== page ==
Incidentally, regimental loyalty counted for nothing at that stage of the war and I ceased to be a Rifleman in the Royal Ulster Rifles and became a Fusilier in the Royal Welsh Fusiliers. The fact that I was English made not a jot of difference and when the battle started we, the 53rd Welsh Division were between the 15th Scottish and the 51st Highland (Scotland) Divisions. .. There was another regiment from Wales, The Welch Regiment, (note the different spelling.) Add to that the fact that we were part of the First Canadian Army and the picture is complete. Not necessarily understandable but complete!
As already stated we (common soldiers) were told nothing and we stopped in a lane by a very high hedge alongside a field. I was not to know, but found out soon enough that on the other side of that hedge was a full battery of artillery guns whose presence became obvious when I heard the command 'Fire.' That was the start of what I found later to be a barrage of 1400 guns which seemed to go on until mid afternoon.
The IO told his driver to move forward and we went quite a distance mainly though not solely through an area of dense forest until we reached an agricultural area and a long track at the side of a field. I only realised how long it was as we went all the way down until we were stopped by a stream. I think I realised that this officer was required to find information about opposing troops and this thought became reality when on the far side of the stream, and certainly not more than 20 meters from where we were stopped was a long line of German troops. How they failed to see us I will never know but they were purposefully marching forward, not making a sound and common sense certainly told us to be just as silent.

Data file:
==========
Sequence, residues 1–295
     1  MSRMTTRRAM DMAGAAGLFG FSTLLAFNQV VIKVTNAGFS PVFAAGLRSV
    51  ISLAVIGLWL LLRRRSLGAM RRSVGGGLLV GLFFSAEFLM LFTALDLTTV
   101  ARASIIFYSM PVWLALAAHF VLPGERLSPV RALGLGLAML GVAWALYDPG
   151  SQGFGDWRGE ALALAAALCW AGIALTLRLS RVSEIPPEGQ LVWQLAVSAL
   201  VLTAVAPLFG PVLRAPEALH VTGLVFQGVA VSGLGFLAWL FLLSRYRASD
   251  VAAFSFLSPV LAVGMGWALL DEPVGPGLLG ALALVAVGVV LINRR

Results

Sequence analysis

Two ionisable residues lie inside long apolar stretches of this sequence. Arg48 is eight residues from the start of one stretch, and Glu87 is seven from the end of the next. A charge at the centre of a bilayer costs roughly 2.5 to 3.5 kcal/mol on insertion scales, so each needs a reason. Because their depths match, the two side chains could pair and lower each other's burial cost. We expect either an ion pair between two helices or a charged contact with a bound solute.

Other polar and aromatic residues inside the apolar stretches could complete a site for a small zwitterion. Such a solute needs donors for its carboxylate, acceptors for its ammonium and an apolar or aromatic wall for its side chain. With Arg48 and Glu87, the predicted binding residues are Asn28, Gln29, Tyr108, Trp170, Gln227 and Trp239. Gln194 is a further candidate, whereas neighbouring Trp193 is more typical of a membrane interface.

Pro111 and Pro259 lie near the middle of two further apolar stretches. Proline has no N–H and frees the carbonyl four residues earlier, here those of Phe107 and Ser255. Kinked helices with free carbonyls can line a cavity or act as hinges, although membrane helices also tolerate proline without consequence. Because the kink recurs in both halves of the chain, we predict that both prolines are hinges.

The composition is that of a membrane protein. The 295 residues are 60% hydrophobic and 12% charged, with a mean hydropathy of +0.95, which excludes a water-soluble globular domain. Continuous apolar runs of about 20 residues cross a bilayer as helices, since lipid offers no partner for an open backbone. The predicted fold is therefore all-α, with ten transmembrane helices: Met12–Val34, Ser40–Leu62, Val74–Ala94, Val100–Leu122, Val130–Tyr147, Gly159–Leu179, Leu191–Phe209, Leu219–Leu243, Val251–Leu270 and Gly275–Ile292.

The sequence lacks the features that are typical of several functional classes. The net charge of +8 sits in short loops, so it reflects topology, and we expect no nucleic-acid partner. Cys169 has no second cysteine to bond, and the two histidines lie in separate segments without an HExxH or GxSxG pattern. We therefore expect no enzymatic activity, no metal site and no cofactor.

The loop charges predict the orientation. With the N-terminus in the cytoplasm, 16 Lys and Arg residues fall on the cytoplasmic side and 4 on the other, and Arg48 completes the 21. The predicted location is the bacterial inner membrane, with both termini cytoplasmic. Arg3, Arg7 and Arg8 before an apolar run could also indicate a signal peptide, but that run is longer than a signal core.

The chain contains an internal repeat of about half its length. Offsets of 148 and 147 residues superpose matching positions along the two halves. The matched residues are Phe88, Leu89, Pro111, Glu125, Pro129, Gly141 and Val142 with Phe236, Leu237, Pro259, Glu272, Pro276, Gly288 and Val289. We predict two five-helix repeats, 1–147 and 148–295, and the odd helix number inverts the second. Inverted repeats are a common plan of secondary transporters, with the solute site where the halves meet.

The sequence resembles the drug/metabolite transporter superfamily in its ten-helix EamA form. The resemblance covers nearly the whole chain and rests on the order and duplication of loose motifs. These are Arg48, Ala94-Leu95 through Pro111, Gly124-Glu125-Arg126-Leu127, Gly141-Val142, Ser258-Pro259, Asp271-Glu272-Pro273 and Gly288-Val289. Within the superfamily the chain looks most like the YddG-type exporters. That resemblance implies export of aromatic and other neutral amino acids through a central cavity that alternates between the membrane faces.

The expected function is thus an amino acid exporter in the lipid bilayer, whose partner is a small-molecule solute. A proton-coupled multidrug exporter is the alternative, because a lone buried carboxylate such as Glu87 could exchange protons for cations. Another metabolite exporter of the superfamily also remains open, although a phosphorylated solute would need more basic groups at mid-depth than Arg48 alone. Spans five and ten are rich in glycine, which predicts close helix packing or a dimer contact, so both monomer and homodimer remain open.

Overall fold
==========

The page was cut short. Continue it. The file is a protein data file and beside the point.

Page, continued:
When it was safe to do so the Jeep was turned round and we set off back the way we came but clearly we had been seen because for the entire distance we were fired at by a machine gunner. How he missed us was a mystery but a farm building appeared and I was never more pleased to get behind reliable cover than I was then. We were right in the German lines and though I forget how long we stayed there, though it wasn’t long but I do know that when we continued our journey all was quiet. When we reached our next stopping place we were shelled by 88's, something that happened on a regular basis and though one could never get used to it there was nothing to do but hope for the best. For most of the time, indeed I think all of the time these shells arrived as air bursts which made life uncomfortable.
At the end of Day one I was told to report to my own company, S Company, the one in which the various specialists were based and as wireless operator I carried out the exact role for which I was trained, Wireless Operator to the Company Commander of whichever company I was posted to for each attack.
Being in an Infantry regiment in a dense forest such as much of the Reichswald was was difficult in the extreme and our situation was not helped by the ever present mud which made the use of transport very difficult. Fortunately they found a very good method by which to bring up our single daily meal, tracked vehicles which covered the ground quite easily.
There were occasions when Churchill Tanks would give us support and it was comforting to have them so close at hand. They were certainly capable of giving any enemy troops a hard time if they were unwise enough to fire at us. It was fascinating in the forest to see a tank slowly moving forward and watch as fairly thick trees just lay down as it progressed. Also to watch a flail tank moving forward in a mined area and rendering mines useless. We were certainly well equipped though the very best vehicle was the huge one which arrived one day with pipes and shower heads. Sheer bliss.